But Wenk also repeated that “it still feels a little punitive'' that he was ordered to transfer to Washington, D.C., instead of being allowed to retire as Yellowstone's superintendent next March, which he said he'd been planning since 2016.
“Having it feel punitive and be punitive are two different things,'' he said. “It certainly felt punitive. I'm not saying it was.''
Wenk turned down the unwanted transfer, and he was told he would be gone from Yellowstone by August. He and the park service settled on the Sept. 29 departure date.
Wenk's retirement comes after an investigation into 35 personnel reassignments of senior executives proposed in the Interior Department under Zinke. Sixteen senior employees viewed their moves as punishment for their work on climate change, energy or conservation, but the Interior Department inspector general did not determine that anything illegal occurred.
The federal government's Senior Executive Service that Wenk is a part of is meant to be a mobile force capable of taking on different assignments that meet the agency's needs, and personnel moves are made to better serve taxpayers, Zinke spokeswoman Heather Swift said.
“Senior executives are the highest paid employees in the federal government and signed up for the SES knowing that they could be called upon to work in different positions at any time,'' Swift said.
Wenk acknowledged that he'd been in his position longer than any other senior staffer currently in the park service and that he could be moved.
“I'll accept that, that they wanted me to come back to Washington, D.C.,'' he said. “But I just didn't have that much of a career left in me and I didn't think it was fair for me to go back and to do that.''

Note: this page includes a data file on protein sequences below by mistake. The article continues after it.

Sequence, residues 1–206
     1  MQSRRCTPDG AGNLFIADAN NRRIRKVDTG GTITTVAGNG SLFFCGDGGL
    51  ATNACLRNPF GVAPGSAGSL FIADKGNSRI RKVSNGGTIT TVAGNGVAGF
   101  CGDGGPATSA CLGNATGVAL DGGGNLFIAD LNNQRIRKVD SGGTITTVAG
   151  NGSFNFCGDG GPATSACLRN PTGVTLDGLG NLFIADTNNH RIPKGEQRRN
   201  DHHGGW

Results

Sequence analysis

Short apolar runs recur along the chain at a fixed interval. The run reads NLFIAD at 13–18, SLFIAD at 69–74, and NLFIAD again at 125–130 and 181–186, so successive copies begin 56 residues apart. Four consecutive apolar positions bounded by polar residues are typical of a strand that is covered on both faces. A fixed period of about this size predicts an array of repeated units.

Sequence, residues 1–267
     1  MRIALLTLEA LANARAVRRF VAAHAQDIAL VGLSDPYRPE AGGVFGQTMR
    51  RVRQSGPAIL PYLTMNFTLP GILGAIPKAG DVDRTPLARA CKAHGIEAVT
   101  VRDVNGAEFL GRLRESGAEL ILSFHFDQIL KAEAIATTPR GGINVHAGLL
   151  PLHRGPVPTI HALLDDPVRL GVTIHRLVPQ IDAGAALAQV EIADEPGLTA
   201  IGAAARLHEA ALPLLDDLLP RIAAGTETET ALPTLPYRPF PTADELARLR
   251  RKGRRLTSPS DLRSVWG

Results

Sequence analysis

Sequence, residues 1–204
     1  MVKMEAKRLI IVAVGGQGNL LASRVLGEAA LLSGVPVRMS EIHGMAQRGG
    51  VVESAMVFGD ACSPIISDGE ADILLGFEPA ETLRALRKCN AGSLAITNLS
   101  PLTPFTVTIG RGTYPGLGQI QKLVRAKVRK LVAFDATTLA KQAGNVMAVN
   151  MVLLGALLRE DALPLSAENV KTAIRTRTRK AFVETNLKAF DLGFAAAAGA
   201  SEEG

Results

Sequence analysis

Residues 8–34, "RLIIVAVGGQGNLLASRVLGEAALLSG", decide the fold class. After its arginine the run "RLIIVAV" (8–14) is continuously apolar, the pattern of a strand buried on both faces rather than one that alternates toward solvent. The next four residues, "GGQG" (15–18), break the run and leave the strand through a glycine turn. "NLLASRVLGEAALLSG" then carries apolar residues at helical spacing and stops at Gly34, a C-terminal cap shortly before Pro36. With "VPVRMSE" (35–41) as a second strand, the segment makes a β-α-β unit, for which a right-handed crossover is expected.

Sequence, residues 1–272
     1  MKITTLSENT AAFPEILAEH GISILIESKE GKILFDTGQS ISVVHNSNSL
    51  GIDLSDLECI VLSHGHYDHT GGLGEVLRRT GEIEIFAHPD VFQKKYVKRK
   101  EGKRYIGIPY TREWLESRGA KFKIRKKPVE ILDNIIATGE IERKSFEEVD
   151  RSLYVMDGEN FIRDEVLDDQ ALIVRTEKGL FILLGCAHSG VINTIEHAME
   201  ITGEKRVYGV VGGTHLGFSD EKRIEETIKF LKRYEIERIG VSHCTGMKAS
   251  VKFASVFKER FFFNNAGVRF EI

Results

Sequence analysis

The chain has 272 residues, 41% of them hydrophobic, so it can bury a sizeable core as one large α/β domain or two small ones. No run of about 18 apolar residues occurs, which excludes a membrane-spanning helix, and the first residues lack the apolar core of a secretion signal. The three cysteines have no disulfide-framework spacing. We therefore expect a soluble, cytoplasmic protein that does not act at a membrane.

Yellowstone, which became the world's first national park in 1872, covers 3,400 square miles (8,900 square kilometers), has a staff of 800 people and a budget of more than $60 million a year. Its geysers and wildlife attract more than 4 million people a year from around the world.
Wenk's seven years leading Yellowstone have been marked by an explosion in visitor numbers, tensions over wolf hunts and snowmobile use and a sexual harassment scandal on. Members of the park's maintenance department were disciplined last year after an investigation found female employees faced sexual harassment and other problems.
Wenk's replacement will be Cameron “Cam'' Sholly, the park service's Midwest regional director. Sholly will have to deal with managing the booming summer crowds, along with the bison management dispute and the possibility of grizzly hunts in Yellowstone's surrounding states of Wyoming, Montana and Idaho.
Park officials have been trying to decrease the bison population since it peaked at about 5,500 animals at the end of 2016. The population is expected to be about 4,500 by the end of this year, which Wenk said is a sustainable population.
Zinke favors a population target of 3,000 to 3,500 bison set previously by federal, state and tribal officials and contends that the higher numbers have led to overgrazing in the park.
Wenk said before he leaves he wants to complete the final agreement necessary to launch a new bison quarantine program. That program would allow the transfer of disease-free bison to the Fort Peck Indian Reservation with the ultimate goal of creating new bison herds around the nation.